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The Discourses of Epictetus, tr. by P.E Matheson, [1916], at



If a man, says Epictetus, objects to what is manifestly clear, it is not easy to find an argument against him, whereby one shall change his mind. And this is not because of his power, nor because of the weakness of him that is instructing him; but, when a man, worsted in argument, becomes hardened like a stone, how can one reason with him any more?

Now there are two ways in which a man may be thus hardened: one when his reasoning faculty is petrified, and the other when his moral sense is petrified, and he sets himself deliberately not to assent to manifest arguments, and not to abandon what conflicts with them. Now most of us fear the deadening of the body and would take all possible means to avoid such a calamity, yet we take no heed of the deadening of the mind and the spirit. When the mind itself is in such a state that a man can follow nothing and understand nothing, we do indeed think that he is in a bad condition; yet, if a man's sense of shame and self-respect is deadened, we even go so far as to call him 'a strong man'.

Do you comprehend that you are awake?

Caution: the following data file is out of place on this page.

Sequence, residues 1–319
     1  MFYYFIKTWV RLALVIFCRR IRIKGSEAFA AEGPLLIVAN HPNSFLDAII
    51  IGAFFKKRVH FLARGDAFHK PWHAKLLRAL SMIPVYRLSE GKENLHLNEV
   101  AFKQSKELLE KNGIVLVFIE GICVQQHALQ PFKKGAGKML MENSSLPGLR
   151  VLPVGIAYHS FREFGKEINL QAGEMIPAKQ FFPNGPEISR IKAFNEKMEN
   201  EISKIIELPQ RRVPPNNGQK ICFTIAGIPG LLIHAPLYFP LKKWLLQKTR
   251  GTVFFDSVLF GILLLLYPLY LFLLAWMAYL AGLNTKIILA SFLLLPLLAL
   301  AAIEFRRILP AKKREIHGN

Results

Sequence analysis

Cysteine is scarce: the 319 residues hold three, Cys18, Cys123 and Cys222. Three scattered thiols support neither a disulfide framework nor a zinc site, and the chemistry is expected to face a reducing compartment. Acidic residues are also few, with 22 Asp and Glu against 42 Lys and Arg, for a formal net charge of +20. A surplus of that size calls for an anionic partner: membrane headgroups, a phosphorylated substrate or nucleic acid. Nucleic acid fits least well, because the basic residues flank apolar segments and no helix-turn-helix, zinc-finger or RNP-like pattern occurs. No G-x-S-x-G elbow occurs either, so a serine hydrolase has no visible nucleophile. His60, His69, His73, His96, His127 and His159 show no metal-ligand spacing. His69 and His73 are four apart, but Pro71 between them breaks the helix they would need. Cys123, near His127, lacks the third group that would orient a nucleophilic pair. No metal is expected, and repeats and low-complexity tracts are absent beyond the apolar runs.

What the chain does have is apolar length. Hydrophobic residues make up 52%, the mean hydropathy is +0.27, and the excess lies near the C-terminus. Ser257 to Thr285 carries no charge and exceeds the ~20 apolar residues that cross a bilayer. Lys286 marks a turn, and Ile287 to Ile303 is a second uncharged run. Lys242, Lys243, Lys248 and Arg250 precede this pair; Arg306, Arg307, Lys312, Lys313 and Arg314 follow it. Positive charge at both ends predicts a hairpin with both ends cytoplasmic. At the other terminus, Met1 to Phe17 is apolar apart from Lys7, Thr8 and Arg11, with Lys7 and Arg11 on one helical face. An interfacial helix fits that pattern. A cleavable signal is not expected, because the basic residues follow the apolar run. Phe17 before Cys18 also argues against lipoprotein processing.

p. 233

'No,' he says, 'no more than I comprehend it, when I seem to be awake in my dreams.'

Is there no difference then between the one sort of impression and the other?


Can I argue with him any longer? What fire or sword, I say, am I to bring to bear on him, to prove that his mind is deadened? He has sensation and pretends that he has not; he is worse than the dead. One man does not see the battle; he is ill off. This other sees it but stirs not, nor advances; his state is still more wretched. His sense of shame and self-respect is cut out of him, and his reasoning faculty, though not cut away, is brutalized. Am I to call this 'strength'? Heaven forbid, unless I call it 'strength' in those who sin against nature, that makes them do and say in public whatever occurs to their fancy.

Next: Chapter VI. On Providence